Saturday, April 30, 2016

Three places to live and/or work that may change your mind about sustainable architecture

Although not everyone in the US Congress seems to have gotten the memo, in this age of impending global climate change people all over the world are seeking out new and better ways to live sustainably--and it's a very hot trend in contemporary architecture. Here are three visually striking examples you may find game-changing.

8 House in Copenhagen
Built in the shape of a figure 8 (if viewed from above), Bjarke Ingels' 8 House is a mixed-use development in a southern suburb of Copenhagen, Denmark

The biggest innovation is the designer's idea to create an intimate kind of urban environment by "stacking the various ingredients of an urban neighborhood into layers," (Wikipedia) so the development's walkability and convenience is greatly enhanced. Other sustainable features include the strategic use of the "heat island" effect, and green roofs.

8 House, when under construction: the reason for the name becomes clear.
Everyone has an interesting view in 8 House.
Evening waterside view of 8 House.
O14 Tower in Dubai
Dubai is a product of its rulers' particular vision: wealthy from oil, but focused on making itself "cutting edge" in many ways, while the oil wealth lasts and can be used to build something more sustainable. Interestingly for a place literally built with oil money, there seems to be considerable support for sustainability in recent projects (could these guys please have a heart-to-heart with the Koch Brothers?). 

The 22-story O14 Tower's structure is specifically designed for the desert climate of Dubai, with a 16"-thick outer facade covered with circular perforations. The holes provide light and air, but the rest of the "exoskeleton" acts as protection for the windows, and a solar shield. A one-meter gap between the facade and the building inside also provides passive cooling because creates a chimney effect in which the hot air rises.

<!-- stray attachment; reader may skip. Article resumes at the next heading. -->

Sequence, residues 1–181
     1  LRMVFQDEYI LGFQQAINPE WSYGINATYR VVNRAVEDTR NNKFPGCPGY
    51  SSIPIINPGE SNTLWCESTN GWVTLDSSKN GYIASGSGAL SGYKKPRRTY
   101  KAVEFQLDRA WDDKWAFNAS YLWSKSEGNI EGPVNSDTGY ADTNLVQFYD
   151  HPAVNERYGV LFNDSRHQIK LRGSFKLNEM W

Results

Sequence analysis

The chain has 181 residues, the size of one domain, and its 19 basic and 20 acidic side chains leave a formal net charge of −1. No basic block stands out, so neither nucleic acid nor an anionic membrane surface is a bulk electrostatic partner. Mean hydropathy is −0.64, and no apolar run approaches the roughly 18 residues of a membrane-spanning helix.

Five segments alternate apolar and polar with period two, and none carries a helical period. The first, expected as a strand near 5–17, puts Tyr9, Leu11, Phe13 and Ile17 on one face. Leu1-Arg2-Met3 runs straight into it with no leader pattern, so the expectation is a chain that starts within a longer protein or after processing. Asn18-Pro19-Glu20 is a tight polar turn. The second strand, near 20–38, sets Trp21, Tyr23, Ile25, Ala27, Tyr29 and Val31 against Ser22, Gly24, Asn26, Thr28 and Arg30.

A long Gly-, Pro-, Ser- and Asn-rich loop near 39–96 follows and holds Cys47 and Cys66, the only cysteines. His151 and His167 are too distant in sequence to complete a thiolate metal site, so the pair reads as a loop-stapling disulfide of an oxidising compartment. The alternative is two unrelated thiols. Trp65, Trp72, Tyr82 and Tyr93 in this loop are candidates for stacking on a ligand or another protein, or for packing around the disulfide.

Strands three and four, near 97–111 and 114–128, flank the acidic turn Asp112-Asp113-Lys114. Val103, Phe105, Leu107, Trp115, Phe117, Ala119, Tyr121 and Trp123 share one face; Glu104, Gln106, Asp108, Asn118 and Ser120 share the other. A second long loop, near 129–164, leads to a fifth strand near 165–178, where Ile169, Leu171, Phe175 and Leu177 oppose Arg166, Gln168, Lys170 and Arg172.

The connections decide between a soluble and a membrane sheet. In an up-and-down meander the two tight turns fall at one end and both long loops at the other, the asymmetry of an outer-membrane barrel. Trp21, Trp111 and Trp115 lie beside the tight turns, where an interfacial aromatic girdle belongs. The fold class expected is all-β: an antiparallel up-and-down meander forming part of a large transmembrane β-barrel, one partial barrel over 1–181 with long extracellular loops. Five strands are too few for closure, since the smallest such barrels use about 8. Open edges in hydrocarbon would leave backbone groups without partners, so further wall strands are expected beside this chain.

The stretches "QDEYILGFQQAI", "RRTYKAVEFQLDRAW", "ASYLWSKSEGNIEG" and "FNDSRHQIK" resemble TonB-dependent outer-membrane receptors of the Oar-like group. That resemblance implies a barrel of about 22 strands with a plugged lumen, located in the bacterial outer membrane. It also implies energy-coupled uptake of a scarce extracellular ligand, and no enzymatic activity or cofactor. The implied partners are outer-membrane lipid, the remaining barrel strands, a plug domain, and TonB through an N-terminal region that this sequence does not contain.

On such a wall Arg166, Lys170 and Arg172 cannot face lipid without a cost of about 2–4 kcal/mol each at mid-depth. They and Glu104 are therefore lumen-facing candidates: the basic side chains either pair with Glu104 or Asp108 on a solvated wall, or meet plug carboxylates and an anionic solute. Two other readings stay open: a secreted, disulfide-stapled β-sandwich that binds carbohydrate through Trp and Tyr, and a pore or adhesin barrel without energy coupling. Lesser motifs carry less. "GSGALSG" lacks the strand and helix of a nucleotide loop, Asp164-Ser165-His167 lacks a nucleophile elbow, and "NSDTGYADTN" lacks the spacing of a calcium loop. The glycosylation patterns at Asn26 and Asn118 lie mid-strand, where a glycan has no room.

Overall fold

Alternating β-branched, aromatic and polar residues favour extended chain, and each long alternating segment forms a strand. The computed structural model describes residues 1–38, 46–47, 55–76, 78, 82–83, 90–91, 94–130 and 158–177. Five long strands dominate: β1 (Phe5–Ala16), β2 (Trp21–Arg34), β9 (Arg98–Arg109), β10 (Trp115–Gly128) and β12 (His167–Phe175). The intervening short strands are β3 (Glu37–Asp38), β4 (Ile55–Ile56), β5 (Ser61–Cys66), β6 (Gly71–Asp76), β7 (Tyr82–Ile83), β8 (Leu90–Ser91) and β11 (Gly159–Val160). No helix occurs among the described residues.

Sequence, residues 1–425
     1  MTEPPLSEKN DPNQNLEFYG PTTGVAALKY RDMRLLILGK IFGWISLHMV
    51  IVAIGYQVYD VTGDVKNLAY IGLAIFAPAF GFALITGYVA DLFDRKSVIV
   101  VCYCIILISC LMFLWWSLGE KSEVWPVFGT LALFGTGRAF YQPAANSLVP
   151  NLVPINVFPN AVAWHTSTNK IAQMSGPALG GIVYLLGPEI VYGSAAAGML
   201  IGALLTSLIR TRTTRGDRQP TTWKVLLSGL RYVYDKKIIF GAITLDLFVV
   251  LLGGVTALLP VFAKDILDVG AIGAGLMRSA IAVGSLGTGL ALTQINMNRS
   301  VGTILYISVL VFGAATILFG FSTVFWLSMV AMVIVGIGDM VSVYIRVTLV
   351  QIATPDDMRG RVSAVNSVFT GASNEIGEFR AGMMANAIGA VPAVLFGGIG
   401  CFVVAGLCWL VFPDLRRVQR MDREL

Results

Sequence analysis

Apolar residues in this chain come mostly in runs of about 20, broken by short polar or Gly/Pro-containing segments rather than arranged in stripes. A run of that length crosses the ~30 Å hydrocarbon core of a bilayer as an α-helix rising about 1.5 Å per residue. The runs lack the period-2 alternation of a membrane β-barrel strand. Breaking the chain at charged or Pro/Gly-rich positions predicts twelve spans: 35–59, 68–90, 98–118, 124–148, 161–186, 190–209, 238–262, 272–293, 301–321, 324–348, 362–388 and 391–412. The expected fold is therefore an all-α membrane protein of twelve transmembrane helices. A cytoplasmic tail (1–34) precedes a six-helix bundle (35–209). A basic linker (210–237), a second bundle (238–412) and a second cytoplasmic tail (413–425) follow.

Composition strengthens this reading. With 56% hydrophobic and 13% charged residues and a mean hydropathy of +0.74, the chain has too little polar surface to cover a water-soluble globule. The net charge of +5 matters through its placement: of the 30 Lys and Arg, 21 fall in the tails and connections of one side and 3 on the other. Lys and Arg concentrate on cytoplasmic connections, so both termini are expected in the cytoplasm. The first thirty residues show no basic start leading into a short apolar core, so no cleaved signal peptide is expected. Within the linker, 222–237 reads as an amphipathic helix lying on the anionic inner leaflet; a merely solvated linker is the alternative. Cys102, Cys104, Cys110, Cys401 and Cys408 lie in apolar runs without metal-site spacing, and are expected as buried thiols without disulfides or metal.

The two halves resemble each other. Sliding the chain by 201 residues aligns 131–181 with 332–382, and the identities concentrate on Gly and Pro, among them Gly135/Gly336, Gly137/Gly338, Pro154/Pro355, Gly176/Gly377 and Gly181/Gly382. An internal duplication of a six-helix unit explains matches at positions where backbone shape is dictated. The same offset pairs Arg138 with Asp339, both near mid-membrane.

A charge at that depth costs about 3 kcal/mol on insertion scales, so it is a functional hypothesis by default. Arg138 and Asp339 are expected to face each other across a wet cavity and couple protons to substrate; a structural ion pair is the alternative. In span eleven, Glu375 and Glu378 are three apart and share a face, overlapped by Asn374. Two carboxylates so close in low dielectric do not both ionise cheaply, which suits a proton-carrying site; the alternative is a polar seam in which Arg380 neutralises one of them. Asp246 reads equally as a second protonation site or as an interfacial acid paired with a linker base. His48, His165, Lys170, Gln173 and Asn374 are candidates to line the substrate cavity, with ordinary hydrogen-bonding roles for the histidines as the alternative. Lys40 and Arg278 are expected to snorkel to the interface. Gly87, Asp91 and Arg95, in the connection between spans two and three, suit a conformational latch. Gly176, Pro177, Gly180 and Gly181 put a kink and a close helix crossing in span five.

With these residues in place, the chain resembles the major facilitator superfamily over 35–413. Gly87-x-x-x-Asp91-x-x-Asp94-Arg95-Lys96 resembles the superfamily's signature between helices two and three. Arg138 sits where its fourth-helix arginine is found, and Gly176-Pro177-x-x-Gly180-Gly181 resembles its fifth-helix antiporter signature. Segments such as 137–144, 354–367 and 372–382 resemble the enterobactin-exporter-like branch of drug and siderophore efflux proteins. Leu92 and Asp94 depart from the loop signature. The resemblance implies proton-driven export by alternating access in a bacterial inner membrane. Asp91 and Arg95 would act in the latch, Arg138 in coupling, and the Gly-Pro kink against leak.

RUR Architecture's innovative design for the O14 Tower creates a visually striking building with many practical features.
The holes provide access for more than light and air, when needed.
This view of O14 Tower under construction gives an idea of its scale.

FTP University in Ho Chi Minh City, Vietnam
Another example of innovative design that is much more literally "green" than our first two designs is the FTP University, now under construction in Ho Chi Minh City, Vietnam (all the images are renderings, because the project isn't finished yet). 

Designed as something of a sustainable answer to the flat landscape and vertical buildings that dominate the city, the FTP University buildings are supposed to appear as "an undulating forested mountain growing out of the city of concrete and brick" (Vo Trong Nghia Architects). It actually will create more greenery than it is displacing as it is being built. 

An "undulating forested mountain" is coming to Ho Chi Minh City. 
It almost looks as if the forest has taken over--but looks can be deceiving Down below the "canopy," the humans will still hold forth.
Down under the trees it will be cooler and quieter. What a great place to study for one's final!

IMAGES: Many thanks to World Landscape Architect for the 8 House-under-construction image, and to E-Architect UK for the images of the courtyard and waterside view. All three photos of the O14 Tower are courtesy of Inhabitat. The renderings of buildings for FTP University are courtesy of Vo Trong Nghia Architects, designers for the project.

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